Magdalene Attah uses a small wooden mortar and pestle to process cassava flour while two goats forage in the background. The large wood pile to the rear (left) is associated with the tobacco drying barns that line the south edge of Ahenkro. Ahenkro, May, 1995.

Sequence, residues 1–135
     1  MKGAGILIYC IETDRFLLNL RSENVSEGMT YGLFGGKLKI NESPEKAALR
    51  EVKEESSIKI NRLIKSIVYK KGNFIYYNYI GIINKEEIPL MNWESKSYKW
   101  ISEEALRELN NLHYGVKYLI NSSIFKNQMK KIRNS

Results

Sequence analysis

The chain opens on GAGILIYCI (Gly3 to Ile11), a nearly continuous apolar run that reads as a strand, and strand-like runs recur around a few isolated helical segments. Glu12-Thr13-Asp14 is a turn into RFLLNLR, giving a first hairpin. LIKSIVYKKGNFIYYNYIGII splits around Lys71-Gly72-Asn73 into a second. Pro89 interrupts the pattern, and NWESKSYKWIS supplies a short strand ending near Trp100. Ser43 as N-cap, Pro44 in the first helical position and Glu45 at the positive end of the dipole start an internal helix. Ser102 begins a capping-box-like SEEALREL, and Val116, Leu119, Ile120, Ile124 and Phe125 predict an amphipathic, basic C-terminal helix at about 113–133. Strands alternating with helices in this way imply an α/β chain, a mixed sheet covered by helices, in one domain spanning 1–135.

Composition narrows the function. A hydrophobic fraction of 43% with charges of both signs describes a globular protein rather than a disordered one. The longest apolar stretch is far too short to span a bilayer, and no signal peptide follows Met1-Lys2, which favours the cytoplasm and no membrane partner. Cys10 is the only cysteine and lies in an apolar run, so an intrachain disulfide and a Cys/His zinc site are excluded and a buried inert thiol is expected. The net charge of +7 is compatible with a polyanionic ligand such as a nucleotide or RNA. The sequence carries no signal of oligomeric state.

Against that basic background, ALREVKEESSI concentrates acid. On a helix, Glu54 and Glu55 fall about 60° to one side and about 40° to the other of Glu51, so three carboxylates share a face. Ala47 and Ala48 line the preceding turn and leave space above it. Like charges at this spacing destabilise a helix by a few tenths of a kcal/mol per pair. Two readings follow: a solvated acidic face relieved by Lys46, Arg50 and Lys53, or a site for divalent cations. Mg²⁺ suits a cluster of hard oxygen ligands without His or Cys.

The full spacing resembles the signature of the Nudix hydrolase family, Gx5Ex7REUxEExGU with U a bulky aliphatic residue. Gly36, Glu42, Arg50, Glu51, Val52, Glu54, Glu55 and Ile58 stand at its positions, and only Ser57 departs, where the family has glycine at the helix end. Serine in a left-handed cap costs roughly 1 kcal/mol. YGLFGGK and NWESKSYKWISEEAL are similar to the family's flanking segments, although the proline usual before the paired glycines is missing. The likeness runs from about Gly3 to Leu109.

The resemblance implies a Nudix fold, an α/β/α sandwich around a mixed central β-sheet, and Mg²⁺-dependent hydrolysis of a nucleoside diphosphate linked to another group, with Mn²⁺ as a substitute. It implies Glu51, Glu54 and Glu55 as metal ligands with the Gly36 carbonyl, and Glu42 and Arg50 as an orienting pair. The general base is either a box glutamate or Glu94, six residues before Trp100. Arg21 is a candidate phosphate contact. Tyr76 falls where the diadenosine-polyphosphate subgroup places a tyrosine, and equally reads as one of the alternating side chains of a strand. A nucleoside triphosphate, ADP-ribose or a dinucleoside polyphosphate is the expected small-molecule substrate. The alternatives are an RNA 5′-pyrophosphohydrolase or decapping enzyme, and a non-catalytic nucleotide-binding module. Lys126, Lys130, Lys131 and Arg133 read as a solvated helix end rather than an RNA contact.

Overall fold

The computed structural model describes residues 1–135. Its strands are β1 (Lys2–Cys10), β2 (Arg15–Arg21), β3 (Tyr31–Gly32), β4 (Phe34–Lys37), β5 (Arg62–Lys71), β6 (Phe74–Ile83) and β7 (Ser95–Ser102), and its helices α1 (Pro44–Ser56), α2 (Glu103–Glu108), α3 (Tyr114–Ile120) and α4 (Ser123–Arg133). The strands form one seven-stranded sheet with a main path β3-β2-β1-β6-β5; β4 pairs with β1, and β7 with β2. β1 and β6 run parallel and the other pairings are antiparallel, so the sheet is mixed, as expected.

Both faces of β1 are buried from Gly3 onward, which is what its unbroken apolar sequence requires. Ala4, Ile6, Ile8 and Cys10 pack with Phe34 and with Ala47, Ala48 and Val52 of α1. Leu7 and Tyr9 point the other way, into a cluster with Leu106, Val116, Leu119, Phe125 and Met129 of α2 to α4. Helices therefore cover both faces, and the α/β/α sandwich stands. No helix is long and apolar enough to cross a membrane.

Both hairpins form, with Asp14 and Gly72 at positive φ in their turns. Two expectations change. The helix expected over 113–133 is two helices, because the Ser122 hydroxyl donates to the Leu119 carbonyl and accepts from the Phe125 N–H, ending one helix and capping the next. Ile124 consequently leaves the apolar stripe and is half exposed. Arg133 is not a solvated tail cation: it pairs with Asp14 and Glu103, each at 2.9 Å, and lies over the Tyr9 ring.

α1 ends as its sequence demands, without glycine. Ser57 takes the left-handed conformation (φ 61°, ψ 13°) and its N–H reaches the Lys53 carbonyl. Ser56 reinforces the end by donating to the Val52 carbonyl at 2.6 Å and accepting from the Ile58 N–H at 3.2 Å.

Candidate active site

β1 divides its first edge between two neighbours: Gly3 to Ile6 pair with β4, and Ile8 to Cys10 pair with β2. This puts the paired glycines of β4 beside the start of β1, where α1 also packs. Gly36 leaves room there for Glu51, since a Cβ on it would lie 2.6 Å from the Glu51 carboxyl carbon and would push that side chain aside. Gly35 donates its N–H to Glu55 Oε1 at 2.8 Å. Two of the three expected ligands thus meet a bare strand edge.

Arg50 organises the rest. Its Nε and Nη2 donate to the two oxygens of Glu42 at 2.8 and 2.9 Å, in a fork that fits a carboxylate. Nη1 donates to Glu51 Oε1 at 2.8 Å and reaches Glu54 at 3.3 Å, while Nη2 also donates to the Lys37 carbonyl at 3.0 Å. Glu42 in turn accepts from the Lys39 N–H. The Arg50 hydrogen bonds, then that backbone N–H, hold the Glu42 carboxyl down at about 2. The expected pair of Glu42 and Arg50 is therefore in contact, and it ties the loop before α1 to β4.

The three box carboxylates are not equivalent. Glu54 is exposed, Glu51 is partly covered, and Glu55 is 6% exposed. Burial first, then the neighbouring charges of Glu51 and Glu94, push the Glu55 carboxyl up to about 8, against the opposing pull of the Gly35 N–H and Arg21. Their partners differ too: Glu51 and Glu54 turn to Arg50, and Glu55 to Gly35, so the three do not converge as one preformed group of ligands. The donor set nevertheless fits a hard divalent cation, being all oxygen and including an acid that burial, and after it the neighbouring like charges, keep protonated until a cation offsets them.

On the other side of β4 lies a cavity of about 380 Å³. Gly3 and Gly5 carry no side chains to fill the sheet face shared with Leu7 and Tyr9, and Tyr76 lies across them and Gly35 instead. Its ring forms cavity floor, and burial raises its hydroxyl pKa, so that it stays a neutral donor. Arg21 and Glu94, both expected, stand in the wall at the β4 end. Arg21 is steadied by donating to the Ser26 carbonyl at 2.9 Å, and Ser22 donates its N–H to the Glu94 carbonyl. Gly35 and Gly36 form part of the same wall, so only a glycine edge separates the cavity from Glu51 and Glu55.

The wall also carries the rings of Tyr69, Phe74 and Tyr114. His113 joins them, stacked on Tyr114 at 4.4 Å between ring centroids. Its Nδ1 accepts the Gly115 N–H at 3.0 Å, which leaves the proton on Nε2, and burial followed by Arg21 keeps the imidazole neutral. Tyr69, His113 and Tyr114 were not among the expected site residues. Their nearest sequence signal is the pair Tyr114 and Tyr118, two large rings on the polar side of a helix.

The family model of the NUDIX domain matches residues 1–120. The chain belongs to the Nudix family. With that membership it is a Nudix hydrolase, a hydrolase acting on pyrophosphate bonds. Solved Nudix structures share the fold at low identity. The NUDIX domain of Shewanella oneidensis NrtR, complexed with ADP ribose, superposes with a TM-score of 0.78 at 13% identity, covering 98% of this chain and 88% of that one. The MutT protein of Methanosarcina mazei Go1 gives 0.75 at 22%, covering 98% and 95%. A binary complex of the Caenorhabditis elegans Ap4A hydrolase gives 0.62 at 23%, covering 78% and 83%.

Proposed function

A roadside agricultural field is planted with cassava (Manihot esculenta). The palmate leaves of the mature plants are visible growing among trees that were left standing when the intercropped field was first prepared. Regular weeding is needed to control spear grass, which can be seen growing at the edge of the field. Cassava is grown for its tubers, which can be harvested over a long period and store well when processed and dried. Its leaves are valued as an ingredient in soups. Planted early in the rainy season (April-May) the tubers mature in 6-18 months, depending on variety. Cassava tolerates poorer soils than yams (Dioscorea sp.), which are a preferred food in the area. Therefore, cassava it is grown in intercropped fields after yams are grown in the first year or two and before fields are left to fallow. Roadside near Nyire, August, 1994.